The Merrill Lynch Model

The Merrill Lynch model, also known as the independent investing bank model, is exemplified by Merrill Lynch and adopted by Merrill Lynch, Morgan Stanley, and Goldman Sachs.

Under this model, investment banks are independent market entities. Most cases are specialized in, or at least mainly focused on, the investment banking business. They are characterized by a high level of interindustry specialization, outstanding credit and reputation, and relatively less involvement in commercial banking. Institutions following the independent investment bank model mainly engage in securities issuance and underwriting, securities brokerage and proprietary business, M&A counseling, fund management, venture capital investment, and credit and debt securitization. They are the major market makers in the U.S. securities market and serve the institutional investors in the U.S. financial market, together with mutual funds and insurance companies. Because they are not commercial banks in their own right, most of these companies chip away at the territory of commercial banks through "financial innovation."

In the early twenty-first century, the capital market departments of investment banks such as Merrill Lynch Securities started making a significantly bigger contribution to the total revenue, as the percentage of the proprietary business rose remarkably. It was the derivative trading that would, in the future, lead investment banks to dire straits, and even closure. Before the outbreak of the subprime mortgage crisis in 2007, mergers and acquisitions among investment banks were mainly used for the purpose of business expansion. Such types of M&As included the acquisition of First Boston by Credit Suisse, the merger of Salomon Smith Barney and Travelers Group into Citigroup, the acquisition of Bankers Trust by Deutsche Bank, and the merger of Warburg into Union Bank of Switzerland.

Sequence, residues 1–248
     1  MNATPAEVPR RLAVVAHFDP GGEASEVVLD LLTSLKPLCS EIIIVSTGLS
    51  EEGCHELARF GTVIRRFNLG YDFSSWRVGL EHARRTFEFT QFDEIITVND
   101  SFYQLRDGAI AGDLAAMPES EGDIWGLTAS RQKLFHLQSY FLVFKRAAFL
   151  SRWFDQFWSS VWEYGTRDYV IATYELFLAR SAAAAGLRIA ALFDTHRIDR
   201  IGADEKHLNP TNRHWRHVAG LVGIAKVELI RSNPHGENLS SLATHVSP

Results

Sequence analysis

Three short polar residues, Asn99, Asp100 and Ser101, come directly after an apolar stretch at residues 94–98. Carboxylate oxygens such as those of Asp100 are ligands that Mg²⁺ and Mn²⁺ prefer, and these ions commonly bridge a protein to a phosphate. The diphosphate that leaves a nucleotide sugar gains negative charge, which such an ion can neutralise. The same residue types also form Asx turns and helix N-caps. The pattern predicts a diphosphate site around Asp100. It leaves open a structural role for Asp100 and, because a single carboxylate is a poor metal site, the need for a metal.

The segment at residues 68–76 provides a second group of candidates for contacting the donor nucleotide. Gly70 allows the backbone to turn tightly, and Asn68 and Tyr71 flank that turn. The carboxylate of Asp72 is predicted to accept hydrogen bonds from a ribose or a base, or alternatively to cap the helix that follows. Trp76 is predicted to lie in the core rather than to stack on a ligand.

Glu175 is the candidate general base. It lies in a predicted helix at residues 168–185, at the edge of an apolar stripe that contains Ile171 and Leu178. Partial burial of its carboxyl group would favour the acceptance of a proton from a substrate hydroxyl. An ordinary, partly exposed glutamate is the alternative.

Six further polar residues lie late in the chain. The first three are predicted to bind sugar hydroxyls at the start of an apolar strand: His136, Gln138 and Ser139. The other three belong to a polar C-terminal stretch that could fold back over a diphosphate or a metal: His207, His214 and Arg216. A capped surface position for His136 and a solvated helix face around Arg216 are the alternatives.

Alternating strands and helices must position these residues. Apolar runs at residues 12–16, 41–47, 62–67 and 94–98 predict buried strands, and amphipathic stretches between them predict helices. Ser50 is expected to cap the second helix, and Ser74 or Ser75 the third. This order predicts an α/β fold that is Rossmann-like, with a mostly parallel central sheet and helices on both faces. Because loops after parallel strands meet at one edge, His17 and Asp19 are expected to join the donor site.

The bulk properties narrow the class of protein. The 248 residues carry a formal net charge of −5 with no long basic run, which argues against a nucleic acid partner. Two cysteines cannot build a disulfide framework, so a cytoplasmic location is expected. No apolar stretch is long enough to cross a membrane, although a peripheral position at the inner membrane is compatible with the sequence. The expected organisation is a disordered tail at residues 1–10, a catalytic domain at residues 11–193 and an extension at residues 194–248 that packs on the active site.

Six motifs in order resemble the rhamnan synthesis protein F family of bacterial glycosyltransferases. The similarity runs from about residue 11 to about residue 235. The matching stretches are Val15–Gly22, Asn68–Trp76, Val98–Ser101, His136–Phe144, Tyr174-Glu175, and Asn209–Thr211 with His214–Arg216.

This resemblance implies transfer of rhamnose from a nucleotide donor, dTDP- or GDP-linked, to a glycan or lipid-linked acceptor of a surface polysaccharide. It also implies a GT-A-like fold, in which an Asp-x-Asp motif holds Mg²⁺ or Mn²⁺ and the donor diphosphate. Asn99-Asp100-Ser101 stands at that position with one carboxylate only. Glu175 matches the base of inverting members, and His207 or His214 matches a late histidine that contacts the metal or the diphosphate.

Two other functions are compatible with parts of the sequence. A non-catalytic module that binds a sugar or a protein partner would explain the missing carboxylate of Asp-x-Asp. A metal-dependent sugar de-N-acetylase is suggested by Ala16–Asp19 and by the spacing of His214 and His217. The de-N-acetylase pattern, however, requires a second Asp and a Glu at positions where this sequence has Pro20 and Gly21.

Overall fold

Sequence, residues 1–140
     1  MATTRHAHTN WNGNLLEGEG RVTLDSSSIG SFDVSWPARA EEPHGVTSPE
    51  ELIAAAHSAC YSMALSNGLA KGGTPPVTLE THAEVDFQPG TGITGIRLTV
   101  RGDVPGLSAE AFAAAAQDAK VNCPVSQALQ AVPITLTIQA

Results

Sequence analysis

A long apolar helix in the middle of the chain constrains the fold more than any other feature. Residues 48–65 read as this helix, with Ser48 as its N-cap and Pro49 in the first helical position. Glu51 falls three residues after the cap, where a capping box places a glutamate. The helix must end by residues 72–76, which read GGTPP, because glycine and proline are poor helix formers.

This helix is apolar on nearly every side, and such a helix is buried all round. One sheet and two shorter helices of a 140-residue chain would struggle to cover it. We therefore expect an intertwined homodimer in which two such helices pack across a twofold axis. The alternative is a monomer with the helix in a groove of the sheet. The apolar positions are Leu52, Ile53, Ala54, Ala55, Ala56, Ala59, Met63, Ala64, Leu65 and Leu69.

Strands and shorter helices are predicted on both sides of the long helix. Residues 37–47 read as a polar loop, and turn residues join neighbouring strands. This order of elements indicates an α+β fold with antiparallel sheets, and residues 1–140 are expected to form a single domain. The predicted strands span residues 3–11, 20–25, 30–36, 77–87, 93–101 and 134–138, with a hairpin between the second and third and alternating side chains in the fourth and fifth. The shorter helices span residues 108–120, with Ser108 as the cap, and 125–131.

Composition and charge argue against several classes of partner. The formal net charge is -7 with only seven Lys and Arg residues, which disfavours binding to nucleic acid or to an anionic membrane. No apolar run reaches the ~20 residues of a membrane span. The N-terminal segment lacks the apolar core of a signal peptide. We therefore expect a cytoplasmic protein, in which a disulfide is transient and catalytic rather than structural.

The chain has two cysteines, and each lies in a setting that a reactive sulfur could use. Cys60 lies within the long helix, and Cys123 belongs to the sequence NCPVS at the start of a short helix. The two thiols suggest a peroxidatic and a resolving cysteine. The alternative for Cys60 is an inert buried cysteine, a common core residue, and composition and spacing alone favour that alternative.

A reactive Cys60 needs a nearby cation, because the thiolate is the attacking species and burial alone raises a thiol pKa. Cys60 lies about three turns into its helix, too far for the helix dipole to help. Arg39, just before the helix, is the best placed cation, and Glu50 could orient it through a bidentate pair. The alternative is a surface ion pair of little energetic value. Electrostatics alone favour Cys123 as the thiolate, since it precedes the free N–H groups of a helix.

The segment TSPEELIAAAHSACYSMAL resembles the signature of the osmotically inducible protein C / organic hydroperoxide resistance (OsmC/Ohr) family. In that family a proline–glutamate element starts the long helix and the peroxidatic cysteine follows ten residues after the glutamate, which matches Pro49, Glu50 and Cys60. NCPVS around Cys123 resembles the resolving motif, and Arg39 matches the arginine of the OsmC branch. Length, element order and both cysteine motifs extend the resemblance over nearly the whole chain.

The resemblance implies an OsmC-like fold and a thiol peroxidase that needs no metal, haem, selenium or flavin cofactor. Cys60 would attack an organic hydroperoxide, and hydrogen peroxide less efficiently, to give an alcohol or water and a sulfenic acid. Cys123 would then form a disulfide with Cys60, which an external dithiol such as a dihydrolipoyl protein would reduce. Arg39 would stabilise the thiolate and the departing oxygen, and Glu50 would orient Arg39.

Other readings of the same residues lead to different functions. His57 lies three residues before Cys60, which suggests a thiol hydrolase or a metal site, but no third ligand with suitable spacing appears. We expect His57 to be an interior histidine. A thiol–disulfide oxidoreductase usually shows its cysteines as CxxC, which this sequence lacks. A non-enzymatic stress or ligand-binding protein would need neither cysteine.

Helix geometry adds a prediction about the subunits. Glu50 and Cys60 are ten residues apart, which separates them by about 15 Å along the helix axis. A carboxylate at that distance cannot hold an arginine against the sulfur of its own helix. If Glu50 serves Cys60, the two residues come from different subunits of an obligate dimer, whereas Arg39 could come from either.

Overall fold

In 2008, the five largest investment banks in the United States found themselves at the center of the financial crisis. They were forced to go bankrupt or restructure under the pressure of a large amount of debt and a high leverage rate. In March 2008, the fifth-largest investment bank in the United States, Bear Stearns, was on the brink of bankruptcy and was acquired by J.P. Morgan. In September 2008, the fourth-largest investment bank in the United States, Lehman Brothers, announced its bankruptcy, which launched the subprime mortgage situation into a complete international crisis. Merrill Lynch was then acquired by Bank of America. Goldman Sachs and Morgan Stanley ended up as the only two survivors of the five giant investment banks.

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